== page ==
Monday, November 14, 2016

Book Review: If You Can Keep It, The Forgotten Promise of American Liberty by Eric Metaxas

If You Can Keep It, opens with a look at Benjamin Franklin just after the close of the Constitutional Convention in 1787. The proceedings had been held behind closed doors - intentionally, to keep rumors from leaking out. Curiosity ran high. People lingered on pins and needles - wondering what the Convention had wrought.

     An old woman pigeon-holed Benjamin Franklin as he walked through the door. She asked him what the delegates had given the country. Franklin didn't need any time to think. Without a pause, he responded - "a Republic" - "if you can keep it."
     Franklin's response most likely baffled the woman. "If you can keep it..."
     The obvious response, would have been, "What's the catch?" "What do you mean?" or, "Why? Is there some chance we could lose it?"

Before I go any further, I'm going to skip ahead to the ending, because I think it's something every American needs to think about. 
     Metaxas says, "Since roughly the 1960s the negative things have come to the fore in unprecedented ways." The protests over the Vietnam War split the country, into two factions: "Love it or Leave it?" and the other side, that "could only see the bad things America had done."
     Sure, America's first three hundred years had included slavery, subjugation of the Native Americans, robber barons, and all sorts of other evils. But, because there were some low points in our history, does it necessarily follow we should forget the good parts.
     Metaxas doesn't think so. He looks at the creation of the United States as a miracle of the highest order. Was it God's will? Or, Divinely inspired? 
     The author seems to think so.
If you have any doubts, consider the tale of Squanto. 
     He was a native American, who had been kidnapped from his tribe, taken to Europe, given the best education available at the time, and somehow returned to his place of birth - just in time to witness the arrival of the Pilgrims. (Denis Diderot would have said, "It was written up yonder.") Shortly after the Pilgrims landed in America, nearly half of them died from disease and starvation. The rest of them surely would have died too, except by some miracle Squanto walked into their midst - a native American who spoke perfect English, who knew how to plant corn and squash, who knew how to build snug, warm shelters that would protect them through the rough winter ahead, and who would negotiate a lasting peace with the nearby tribes.
     You could say the Pilgrims were mighty darn lucky that Squanto came along when he did, or you could take Diderot's side - and agree, his appearance was "written up yonder," or you could agree with the author - that maybe the Pilgrim's had God or Providence on their side.
     Throughout the book, Metaxas contends if we're not careful, America could lose the glue that binds it together. He says, what made America great in the first place - was faith, virtue, and hero worship.
First, and foremost, came faith.
     Let me share another story from the book to help illustrate his point. 
     In November of 1739, a cross-eyed English preacher crawled out of a ship, and onto the docks in Philadelphia. Over the next five decades, he would slowly change the course of American history. George Whitefield was somewhat of a celebrity, or sensation when he left Europe. Where most preachers would minister to a flock of fifty to maybe a few hundred; thousands, sometimes tens of thousands, spontaneously turned out to listen to the young preacher.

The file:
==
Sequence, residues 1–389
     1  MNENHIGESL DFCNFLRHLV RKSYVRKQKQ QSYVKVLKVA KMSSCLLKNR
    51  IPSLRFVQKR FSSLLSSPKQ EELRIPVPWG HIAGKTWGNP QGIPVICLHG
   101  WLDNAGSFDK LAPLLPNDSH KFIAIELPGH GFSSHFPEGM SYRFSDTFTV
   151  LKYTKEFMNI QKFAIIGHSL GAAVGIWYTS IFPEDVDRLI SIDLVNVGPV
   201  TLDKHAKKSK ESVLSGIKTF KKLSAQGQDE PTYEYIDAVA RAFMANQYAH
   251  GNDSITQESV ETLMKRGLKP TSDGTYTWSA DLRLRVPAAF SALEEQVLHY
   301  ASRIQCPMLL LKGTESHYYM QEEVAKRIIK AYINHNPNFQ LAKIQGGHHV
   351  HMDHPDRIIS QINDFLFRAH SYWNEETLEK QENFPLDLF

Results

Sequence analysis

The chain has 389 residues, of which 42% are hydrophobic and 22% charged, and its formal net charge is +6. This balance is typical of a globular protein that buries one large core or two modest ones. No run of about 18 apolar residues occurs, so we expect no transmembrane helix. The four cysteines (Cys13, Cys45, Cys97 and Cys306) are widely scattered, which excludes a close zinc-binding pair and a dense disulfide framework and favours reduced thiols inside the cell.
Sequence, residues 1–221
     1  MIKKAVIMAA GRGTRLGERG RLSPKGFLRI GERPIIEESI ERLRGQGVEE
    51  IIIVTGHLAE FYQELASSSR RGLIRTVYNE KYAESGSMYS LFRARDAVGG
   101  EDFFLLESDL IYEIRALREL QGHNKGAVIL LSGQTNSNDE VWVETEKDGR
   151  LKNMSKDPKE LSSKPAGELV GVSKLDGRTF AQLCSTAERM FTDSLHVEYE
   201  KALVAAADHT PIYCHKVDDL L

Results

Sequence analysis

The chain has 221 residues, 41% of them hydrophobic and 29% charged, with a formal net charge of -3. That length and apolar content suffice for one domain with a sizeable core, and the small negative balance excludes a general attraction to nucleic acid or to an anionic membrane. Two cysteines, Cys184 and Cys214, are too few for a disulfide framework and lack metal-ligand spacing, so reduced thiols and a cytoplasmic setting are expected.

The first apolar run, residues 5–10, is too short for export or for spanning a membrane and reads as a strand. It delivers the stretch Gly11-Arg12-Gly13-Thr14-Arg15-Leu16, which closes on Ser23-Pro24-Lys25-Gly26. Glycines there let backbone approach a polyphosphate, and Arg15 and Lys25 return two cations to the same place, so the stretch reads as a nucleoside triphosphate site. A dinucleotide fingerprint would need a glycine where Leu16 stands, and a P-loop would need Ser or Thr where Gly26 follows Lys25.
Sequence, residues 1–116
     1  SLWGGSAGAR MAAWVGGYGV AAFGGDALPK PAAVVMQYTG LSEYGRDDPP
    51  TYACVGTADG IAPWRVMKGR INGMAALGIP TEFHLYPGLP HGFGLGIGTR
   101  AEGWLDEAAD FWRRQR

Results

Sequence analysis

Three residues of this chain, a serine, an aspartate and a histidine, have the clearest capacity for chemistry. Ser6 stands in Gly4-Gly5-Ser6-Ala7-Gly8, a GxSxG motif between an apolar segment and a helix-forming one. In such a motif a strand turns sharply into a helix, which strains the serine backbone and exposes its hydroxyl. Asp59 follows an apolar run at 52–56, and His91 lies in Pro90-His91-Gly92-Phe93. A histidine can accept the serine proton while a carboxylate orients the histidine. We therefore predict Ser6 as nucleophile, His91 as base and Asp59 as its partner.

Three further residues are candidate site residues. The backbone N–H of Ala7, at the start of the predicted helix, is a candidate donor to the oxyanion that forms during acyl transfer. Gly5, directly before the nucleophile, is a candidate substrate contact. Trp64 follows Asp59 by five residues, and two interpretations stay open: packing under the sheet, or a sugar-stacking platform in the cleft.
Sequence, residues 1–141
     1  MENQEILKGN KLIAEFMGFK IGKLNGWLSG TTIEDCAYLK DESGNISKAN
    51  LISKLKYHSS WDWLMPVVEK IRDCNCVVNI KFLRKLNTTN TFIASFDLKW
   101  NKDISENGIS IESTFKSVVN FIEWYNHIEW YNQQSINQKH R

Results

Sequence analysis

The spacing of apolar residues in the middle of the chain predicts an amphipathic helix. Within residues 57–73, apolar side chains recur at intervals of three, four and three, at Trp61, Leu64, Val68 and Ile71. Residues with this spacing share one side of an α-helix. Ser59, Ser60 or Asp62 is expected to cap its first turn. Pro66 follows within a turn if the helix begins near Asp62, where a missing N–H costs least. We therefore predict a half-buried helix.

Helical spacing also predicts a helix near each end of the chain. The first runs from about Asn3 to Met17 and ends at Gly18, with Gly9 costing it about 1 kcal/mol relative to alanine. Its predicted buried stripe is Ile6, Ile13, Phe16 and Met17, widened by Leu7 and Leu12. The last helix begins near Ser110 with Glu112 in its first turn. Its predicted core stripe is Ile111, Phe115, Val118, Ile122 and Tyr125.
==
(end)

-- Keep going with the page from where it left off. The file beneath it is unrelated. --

There was something about Whitefield that demanded attention. Spectators reacted to what they heard. For one thing, there was no getting around the fact, Whitefield believed what he said. He wept, and wailed openly, as he told his stories. Because he was so immersed in what he preached, listeners hung on his every word, many felt they were transformed by what he said. Many of his listeners claimed they felt reborn after listening to Whitefield preach (keep in mind, this was several hundred years before President Jimmy Carter told the world he had been reborn.)
     But, you don't have to take my word, or the authors.
     Benjamin Franklin was there when Whitefield first arrived in Philadelphia. As any student of history knows, Franklin wasn't the most religious man ever born. But, there was something about George Whitefield that grabbed him by the seat of the pants and made him listen. Franklin said Whitefield's voice was, "loud and clear," and "articulate," and his voice was "distinct," even at great distances, so it was no wonder thousands of people could hear him, even at great distances. And, another funny thing happened as Franklin listened to Whitefield. Even though he vowed not to donate a penny to his cause, he found himself emptying the entire contents of his pockets into Whitefield's donation plate.
     The thing was - while common people liked Whitefield, and bought into his message, other ministers looked at him as a charlatan, or as some kind of disease. How else could he draw such great crowds? And, there were lots of questions about what he was saying. 
     Get this...
     Whitefield had this crazy notion that all people were equal in God's eye - rich or poor, black or white, King or peon. Over time, as more Americans gathered to hear his message, they began to believe that commoners were equal to the King. People came from all over the colonies to listen to Whitefield and other ministers who took up his message. They came to believe they were equal to anyone, but just as importantly - Whitefield's religion got the Colonists to thinking of themselves as being one people, rather than as members of thirteen individual colonies. No one knew it yet, but the times they were a-changing.
     George Whitefield, more than anyone else, created the American idea of equality and the unity of its peoples.

Virtue or the moral character of our leaders was always taken for granted by our early leaders. 
     Again, virtue doesn't mean our leaders have to be perfect. They just need to value their country more than they value themselves, or their reputation. They need to do things that are right for the country, not just for themselves, or for their constituents.
     As an example, Metaxas points to the Roman dictator Cincinnatus. When the Roman senators came to appoint him as dictator of all Rome, they found Cincinnatus hard at work plowing his fields.
     He was given complete control of the Roman Legions and led his troops to a final, bloody victory at Aequi. When the fighting was done fifteen days later, Cincinnatus turned the power back over to the Senate and returned home to work in his own fields. Two thousand years later, George Washington followed the example of Cincinnatus and surrendered power to the Continental Congress when his task was complete. Then he went back to attend to his estate at Mount Vernon.